The event concluded with a few interesting tidbits, including on the need for a national debate on the upcoming – and expensive – Trident nuclear missile modernization; the deployment of laser weapons (coming into use this year); and, the F-35C (the SECNAV sees no problem with it being delayed, as the Navy was always the last in priority and the Initial Operating Capability has not changed).

Miha Hribernik is an Asia-Pacific security analyst and researcher, currently working with the Atlas Economic Research Foundation in Washington, DC. He is also an Associate of the European Institute for Asian Studies (EIAS) in Brussels. Miha’s research mainly focuses on the foreign and security policy of Japan, and maritime security in East Asia – with an emphasis on counter-piracy information sharing networks such as ReCAAP.

Introducing the Izumo

 

Kyodo News/Associated Press
Kyodo News/Associated Press

Meet the Japan Maritime Self Defense Force’s (JMSDF) newest and largest member, the Izumo (DDH-183). With its 248-meter flight deck and 27,000-ton displacement, the new helicopter destroyer – capable of carrying up to 14 helicopters – dwarfs its 197-meter Hyuga-class cousins (the Hyuga, commissioned in 2009 and its sister ship Ise, which entered service in 2011).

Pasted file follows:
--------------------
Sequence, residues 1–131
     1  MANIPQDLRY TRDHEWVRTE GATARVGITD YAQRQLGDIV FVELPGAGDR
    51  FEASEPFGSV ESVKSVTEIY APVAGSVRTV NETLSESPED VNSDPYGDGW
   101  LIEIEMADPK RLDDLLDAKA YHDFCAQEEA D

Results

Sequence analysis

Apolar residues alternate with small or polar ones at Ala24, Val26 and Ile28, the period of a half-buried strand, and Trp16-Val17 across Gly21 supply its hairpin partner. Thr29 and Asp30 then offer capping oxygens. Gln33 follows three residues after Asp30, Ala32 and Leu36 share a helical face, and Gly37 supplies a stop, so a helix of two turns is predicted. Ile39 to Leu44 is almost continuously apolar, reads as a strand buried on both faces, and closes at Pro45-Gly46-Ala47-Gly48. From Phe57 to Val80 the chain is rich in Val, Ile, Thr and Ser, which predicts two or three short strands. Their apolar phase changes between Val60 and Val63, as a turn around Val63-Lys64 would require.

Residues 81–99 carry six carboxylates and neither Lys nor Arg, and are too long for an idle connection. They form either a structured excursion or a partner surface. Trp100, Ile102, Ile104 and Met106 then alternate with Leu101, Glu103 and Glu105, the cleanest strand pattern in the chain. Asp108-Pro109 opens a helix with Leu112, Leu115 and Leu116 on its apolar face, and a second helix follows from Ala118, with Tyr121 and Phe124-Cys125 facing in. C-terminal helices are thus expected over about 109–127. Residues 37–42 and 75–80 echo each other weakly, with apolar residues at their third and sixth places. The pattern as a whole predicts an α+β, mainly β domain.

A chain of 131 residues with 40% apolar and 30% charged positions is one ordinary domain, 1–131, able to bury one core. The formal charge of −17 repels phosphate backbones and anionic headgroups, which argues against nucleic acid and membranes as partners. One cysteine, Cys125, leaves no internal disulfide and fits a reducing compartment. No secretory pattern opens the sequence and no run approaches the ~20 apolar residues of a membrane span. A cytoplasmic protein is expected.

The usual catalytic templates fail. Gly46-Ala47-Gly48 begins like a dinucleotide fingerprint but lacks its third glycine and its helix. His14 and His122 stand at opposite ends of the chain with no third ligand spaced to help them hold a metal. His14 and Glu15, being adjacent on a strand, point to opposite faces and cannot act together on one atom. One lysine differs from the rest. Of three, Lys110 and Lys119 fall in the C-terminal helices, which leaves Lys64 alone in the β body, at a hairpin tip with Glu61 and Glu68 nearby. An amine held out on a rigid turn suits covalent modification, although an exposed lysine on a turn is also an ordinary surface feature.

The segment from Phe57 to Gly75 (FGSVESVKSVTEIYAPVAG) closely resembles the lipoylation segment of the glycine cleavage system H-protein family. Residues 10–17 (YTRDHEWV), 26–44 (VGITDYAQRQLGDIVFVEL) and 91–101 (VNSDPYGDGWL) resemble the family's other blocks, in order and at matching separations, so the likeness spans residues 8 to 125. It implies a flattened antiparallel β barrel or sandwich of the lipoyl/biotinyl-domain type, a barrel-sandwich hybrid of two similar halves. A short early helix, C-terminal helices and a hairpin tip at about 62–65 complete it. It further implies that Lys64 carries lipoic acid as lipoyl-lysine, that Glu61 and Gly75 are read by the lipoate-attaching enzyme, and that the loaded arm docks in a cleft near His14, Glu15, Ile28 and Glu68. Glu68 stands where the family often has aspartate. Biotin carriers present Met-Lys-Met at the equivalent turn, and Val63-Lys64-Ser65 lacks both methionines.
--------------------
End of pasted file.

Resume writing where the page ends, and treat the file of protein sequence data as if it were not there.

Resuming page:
As with Japan’s two other helicopter destroyers, the Izumo does not have fighter-launching catapults and is unable to support fixed-wing aircraft. Even so, eventual conversion of any of Japan’s three helicopter destroyers is not out of the question. Given the constraints of their design (such as small elevators and hangars), the conversion of the two older ships would be more difficult, while the Izumo’s larger dimensions could eventually accommodate aircraft such as the F-35B, the short takeoff and vertical landing (STOVL) version of the new fifth-generation fighter.

Toshifumi Kitamura/AFP/Getty Images
Toshifumi Kitamura/AFP/Getty Images